He wouldn’t bother with a chief executive or a chief operating officer to run the council because he doesn’t think one is necessary. As mayor, he would lead from the front and cut out the top tier of management who earn a salary of nearly £200,000.
For himself, he thinks the £51,000 a year salary for the elected mayor which was agreed by councillors is still too high. He wants to see the elected mayor take home an average wage which is currently about £32,000.
Neil thinks that politicians and senior executives have selfishly had their snouts in the financial trough for far too long and you need to lead by example on such issues.
Yes, he would have a cabinet of elected councillors to help him but he wouldn’t have a deputy mayor.
His cabinet councillors would be cross-party and chosen on experience. Above all, they would have to put Bristol first and make decisions above and beyond their political leanings.
“Every single one of them should be working for the people of Bristol and helping to bring in economic policies which are to the benefit of everyone,” Neil said.
But the problem here is that every councillor will tell you that is exactly why they put themselves forward in the first place – to improve the quality of people’s lives. And many would argue that the best way to do this is to follow party lines.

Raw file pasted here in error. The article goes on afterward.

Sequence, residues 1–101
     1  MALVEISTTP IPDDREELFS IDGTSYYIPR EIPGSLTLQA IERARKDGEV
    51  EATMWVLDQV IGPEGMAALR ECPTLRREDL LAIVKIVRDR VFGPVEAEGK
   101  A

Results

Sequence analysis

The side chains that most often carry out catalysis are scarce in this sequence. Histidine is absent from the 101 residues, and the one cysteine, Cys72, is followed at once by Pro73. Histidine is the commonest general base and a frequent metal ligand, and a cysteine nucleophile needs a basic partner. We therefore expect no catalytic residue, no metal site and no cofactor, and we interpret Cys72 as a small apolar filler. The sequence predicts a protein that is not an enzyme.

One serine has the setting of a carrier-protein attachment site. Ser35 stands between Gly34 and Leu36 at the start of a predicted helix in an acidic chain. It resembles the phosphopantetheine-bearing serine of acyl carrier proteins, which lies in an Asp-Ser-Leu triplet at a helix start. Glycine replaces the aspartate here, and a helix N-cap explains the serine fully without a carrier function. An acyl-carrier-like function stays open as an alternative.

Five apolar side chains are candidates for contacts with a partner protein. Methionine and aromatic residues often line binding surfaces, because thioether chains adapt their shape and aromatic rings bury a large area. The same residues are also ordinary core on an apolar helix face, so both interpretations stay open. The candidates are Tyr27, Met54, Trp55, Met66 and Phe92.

Neil agreed that this argument could end in a train crash between himself as mayor and councillors but, in his own words, you can’t make an omelette without breaking eggs.
Neil is in support of the council taking control of bus services under Quality Contracts and is against the controversial rapid transit scheme (bendybuses).
He wants to see an arena in the city and if a private developer cannot be found to build it, then the council should do so with its own labour force.
“There’s 20,000 people unemployed in the Bristol area which is wrong,” Neil said. “I want to see every single individual who is ready, willing and able to do a day’s work for a fair day’s pay.”